Peterson: What kind of mood we’re in is a big determiner of how much we can get done and how much extraneous stuff we can filter out…

Webb: If you’re in a bad mood you’ll see a hill is steeper than someone who’s in a good mood looking at the same hill. Our perceptions are terribly strongly influenced by our starting point. So that’s Martin’s intentions come in. Because the fact that he stops in the morning and says, “Okay, what’s most important to me and, therefore, what do I most want to notice today? Where do I want to put my attention?” means that he’s just being a bit more deliberate about that decision about what he filters in and what he filters out, and as a result he actually changes the way that he experiences the day. He notices more good stuff than he would have if he had not set those positive intentions at the beginning.

Peterson: Being productive is the key to having a good day, but often we feel like we’re not making as much headway on a big project as we’d like. Webb says that breaking it down into smaller goals and deciding how you are going to do it helps the brain get a handle on the project. She calls it “when-then”…

Webb: You’re not only breaking this down so you’ve got a really clear first step, but you’re really clear about when you’re going to do it. So, for example, there’s a call that you might have been putting off making or an email that you’re putting off writing and you’re so much more likely – 300% more likely, actually – to get it done if you say, “When I go for lunch at 12:00,” or whatever time you go for lunch, “then that’s when I’m going to send this email.” “When I come out of this meeting, then I’m going to make that call.” It’s just much more specific. And the reason that we get our goals more likely to be achieved if we set those “when-then’s“ is that it just places much less load on our brain, much less processing. “Oh yeah, okay now’s the time that I do this thing.”

Peterson: Sometimes the reason you have a bad day is because others keep piling work onto your desk.  How do you say “no” to someone when they want you to get your scheduled work done and start another project or attend a meeting? Webb has a suggestion to prevent overload…the “positive no”…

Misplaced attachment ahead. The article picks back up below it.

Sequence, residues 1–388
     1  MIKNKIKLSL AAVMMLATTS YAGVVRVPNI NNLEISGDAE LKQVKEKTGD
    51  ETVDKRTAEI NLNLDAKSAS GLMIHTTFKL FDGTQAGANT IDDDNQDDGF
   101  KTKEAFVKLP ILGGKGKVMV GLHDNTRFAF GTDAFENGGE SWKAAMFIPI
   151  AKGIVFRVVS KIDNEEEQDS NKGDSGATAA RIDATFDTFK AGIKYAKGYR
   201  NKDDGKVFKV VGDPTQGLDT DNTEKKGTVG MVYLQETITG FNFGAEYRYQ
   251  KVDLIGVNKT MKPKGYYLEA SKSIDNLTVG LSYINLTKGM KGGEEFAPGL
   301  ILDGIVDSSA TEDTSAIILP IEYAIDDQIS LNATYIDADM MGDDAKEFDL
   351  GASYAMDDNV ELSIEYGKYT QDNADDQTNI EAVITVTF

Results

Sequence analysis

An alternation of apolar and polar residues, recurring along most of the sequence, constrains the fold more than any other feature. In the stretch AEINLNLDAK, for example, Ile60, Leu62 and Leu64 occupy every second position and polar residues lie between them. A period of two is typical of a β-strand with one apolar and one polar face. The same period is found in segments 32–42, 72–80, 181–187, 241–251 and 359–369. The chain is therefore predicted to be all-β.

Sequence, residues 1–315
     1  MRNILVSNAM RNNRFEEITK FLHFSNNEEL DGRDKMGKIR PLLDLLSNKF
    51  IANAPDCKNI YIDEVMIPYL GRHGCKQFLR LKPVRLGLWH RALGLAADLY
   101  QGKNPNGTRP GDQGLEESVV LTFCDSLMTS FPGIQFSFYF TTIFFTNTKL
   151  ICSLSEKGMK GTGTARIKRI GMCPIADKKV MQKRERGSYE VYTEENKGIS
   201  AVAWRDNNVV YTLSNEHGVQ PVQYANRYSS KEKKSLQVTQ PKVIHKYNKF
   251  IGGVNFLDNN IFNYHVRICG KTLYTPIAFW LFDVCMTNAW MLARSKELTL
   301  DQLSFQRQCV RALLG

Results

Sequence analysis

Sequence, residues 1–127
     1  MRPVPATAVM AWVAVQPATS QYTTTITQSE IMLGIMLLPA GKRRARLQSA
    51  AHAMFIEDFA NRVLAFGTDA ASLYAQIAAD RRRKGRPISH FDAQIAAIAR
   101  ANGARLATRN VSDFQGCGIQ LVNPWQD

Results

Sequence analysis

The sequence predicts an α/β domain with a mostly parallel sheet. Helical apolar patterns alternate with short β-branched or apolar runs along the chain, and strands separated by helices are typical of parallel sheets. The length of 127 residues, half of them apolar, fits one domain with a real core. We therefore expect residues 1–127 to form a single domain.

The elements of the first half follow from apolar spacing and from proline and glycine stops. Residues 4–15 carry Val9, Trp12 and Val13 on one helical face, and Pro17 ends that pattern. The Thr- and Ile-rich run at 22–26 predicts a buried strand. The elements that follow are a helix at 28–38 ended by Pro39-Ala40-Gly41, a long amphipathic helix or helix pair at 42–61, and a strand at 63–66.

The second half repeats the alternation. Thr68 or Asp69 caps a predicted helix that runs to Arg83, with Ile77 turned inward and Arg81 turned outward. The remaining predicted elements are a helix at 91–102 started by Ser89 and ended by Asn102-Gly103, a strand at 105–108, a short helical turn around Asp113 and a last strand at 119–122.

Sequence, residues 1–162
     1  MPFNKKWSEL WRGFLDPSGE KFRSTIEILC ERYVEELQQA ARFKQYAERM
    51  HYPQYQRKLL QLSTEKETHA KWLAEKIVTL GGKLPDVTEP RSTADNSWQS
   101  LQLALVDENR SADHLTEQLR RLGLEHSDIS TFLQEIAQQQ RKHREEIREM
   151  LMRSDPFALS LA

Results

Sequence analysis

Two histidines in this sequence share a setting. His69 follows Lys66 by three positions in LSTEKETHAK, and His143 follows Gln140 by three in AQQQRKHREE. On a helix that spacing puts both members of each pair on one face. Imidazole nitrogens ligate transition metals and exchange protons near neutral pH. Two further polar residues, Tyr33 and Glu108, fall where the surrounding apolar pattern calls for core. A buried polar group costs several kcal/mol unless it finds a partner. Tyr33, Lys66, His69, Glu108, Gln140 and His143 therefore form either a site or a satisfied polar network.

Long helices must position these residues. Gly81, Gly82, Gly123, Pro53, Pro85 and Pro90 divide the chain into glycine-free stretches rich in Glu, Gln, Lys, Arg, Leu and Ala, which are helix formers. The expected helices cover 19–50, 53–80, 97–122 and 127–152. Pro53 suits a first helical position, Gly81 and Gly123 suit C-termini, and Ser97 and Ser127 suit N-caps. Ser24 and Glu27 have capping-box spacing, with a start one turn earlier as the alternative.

Webb: If you start by saying, “ I’m really sorry I can’t take this on because blah, blah, blah,” the other person’s very slightly on the defensive because they’re just hearing a negative message coming from you. The trick is to start with what you’re saying “yes” to. And I have to say this does require a bit of email editing sometimes where you start by saying, “I’m in the middle of this fabulous book launch, it’s just the most exciting time, there’s lots going on. As a result, I have to make tough choices about what I can and can’t commit to. And, therefore, I can’t say yes to this thing that you blah, blah, blah, want me to do. But if there’s anything else that I can do to help, perhaps I can refer you on to someone else.” It feels totally different from the, “I’m sorry I can’t do your thing,” because you started with the thing that is actually a little bit more exciting and upbeat. And the other person, even if they know that the “no” is coming, the fact that you start with something that you’re saying “yes” to, that you’re excited about is strangely seductive. It’s very hard to resist the fact of someone expressing what it is that they’re actually excited about.

Peterson: Even if you take her suggestions to heart, and practice them diligently, you’re going to have a bad day or a bad week sometimes. How do you get over it? She has a couple of techniques that can help…

Webb: One of them is using a distancing technique, which is to say you put yourself at some distance from the situation by asking yourself, “What will I think about this in a year’s time?” or “What would my best self think about this?” or “ If I were advising a friend, what would I say to them?” And, I’m not saying that you suddenly, you know, you burst out singing because everything is fine, but it takes the edge off it. It reduces the discomfort about the bad day. And there’s a series of techniques like this, which is strangely powerful. Asking yourself, “What can I learn from this” is useful because learning is received by the brain as quite a strong reward, so rewarding. We love learning new things; it’s why we like gossip.

Peterson: You can read more of her suggestions on how to overcome a bad day and even more on how to prevent them, in Caroline Webb’s book, How to Have a Good Day, available in stores and online. You can also visit her website at CarolineWebb-with two b’s- .co. There you can read more about her, her book and take the “Good Day” quiz. For more information about all of our guests, log onto our site at You can find archives of past programs there and on iTunes and Stitcher.

Our show is written and produced by Pat Reuter.

Our production directors are Sean Waldron and Reed Pence.

I’m Marty Peterson.